The Price of Chilean Salmon

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Alarm bells have been sounding for a long time  about the perilous state of the world’s fish supplies. Species are collapsing and once-fertile fishing areas are growing barren as global consumption—driven in part by the exploding popularity of sushi—is slowly strip-mining the seas. One answer is aquaculture. Farm-raised fish—like farm-raised cattle or chickens—can yield an unlimited supply to an expanding market, and as long as you manage the environmental issues properly, you can even do things semi-sustainably.

Guess what? Not everyone is taking that environmental management part seriously. Australia, Italy and—uncharacteristically—the U.S. have distinguished themselves at trying to keep their aquaculture sector clean, adopting an integrated approach between both industry and conservation groups. Not so Chile—and that’s a big problem.

In the Correspondence column of the journal Nature, a doctoral student at the Max Planck Institute in Gottingen, Germany reports on a survey she conducted of salmon farms near the national park in the Aysen region of southern Chile. The area is an utter mess and the blame lies with the salmon—or, more specifically, the people raising them. Salmon feed and—no surprise—salmon waste flow from the contained areas into the surrounding fjords and  waterways, toxifying the environment for other fish. Medications that must be used to battle disease among animals kept in crowded conditions similarly leach into the surroundings—just as they do on cattle and chicken farms. What’s more, the nets that surround the farm areas often trap sea lions and other animals, and the noise pollution from supply ships and feeding machines confuses whales and dolphins and disrupts their communications.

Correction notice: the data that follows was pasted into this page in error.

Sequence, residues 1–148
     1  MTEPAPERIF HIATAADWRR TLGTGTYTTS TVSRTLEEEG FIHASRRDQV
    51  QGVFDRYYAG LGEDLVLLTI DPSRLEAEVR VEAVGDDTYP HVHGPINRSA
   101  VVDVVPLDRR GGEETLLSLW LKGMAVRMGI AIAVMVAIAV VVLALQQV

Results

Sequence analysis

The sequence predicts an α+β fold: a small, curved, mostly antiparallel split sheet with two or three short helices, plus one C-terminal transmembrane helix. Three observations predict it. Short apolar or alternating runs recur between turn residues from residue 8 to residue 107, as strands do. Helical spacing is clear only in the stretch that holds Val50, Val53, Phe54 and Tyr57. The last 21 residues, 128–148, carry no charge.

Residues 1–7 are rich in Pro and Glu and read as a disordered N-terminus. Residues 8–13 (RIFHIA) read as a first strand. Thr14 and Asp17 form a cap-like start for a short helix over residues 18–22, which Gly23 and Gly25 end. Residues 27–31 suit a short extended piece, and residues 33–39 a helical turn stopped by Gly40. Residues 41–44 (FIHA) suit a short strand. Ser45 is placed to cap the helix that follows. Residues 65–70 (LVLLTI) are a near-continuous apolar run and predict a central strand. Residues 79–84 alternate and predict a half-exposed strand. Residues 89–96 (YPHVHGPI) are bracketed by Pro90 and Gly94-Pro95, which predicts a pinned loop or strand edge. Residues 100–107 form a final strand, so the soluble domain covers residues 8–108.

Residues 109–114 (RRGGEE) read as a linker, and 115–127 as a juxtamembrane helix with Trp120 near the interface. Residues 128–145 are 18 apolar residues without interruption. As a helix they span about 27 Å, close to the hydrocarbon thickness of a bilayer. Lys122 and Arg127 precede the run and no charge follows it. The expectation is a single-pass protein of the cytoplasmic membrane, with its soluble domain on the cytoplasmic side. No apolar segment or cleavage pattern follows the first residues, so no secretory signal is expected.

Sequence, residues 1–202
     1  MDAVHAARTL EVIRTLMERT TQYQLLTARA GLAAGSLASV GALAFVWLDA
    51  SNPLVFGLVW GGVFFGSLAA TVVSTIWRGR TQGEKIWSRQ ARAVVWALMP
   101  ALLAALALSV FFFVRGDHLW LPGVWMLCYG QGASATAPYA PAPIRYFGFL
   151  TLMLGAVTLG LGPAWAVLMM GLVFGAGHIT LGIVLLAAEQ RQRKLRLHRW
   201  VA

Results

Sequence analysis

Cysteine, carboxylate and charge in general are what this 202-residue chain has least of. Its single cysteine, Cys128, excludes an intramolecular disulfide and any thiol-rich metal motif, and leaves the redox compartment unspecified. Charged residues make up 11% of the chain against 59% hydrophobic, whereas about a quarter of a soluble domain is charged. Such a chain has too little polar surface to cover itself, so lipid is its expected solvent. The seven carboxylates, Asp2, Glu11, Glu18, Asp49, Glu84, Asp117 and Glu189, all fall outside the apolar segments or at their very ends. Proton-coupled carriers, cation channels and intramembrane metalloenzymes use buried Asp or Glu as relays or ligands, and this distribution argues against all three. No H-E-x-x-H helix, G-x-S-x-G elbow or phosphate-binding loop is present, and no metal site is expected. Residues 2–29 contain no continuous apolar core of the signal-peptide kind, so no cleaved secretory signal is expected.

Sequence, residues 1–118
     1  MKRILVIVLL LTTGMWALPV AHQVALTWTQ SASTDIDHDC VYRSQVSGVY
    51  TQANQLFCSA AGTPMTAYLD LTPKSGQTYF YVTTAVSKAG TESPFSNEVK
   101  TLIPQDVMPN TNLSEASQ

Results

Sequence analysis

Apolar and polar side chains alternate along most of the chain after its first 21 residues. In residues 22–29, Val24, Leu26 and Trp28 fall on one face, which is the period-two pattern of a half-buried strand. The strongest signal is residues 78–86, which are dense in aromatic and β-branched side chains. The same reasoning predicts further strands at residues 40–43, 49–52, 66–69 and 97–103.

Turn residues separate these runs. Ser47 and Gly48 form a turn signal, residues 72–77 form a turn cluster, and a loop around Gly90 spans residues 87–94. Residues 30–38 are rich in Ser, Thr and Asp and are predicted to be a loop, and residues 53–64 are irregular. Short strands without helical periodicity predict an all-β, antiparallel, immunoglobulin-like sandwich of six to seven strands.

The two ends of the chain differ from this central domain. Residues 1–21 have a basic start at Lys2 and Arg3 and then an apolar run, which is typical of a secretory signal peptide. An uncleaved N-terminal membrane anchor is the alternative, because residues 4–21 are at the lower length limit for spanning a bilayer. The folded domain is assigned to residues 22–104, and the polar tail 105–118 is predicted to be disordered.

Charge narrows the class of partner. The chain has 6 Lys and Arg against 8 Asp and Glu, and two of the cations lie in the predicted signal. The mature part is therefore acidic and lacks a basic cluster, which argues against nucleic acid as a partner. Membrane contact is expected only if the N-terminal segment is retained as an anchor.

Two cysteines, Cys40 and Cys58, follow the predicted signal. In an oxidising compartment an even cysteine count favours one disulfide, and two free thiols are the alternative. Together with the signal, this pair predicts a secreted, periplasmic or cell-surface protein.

Money, as always, is a big driver of the problem. Chile exports $2 billion per year in Atlantic salmon, to say nothing of what’s sold and consumed domestically. In some ways this is a very positive thing: fish is good for human health and robust  trade is good for a country’s economic health. But what’s good for the planet’s health counts too—and Chile, for now, is making the Earth a little sicker.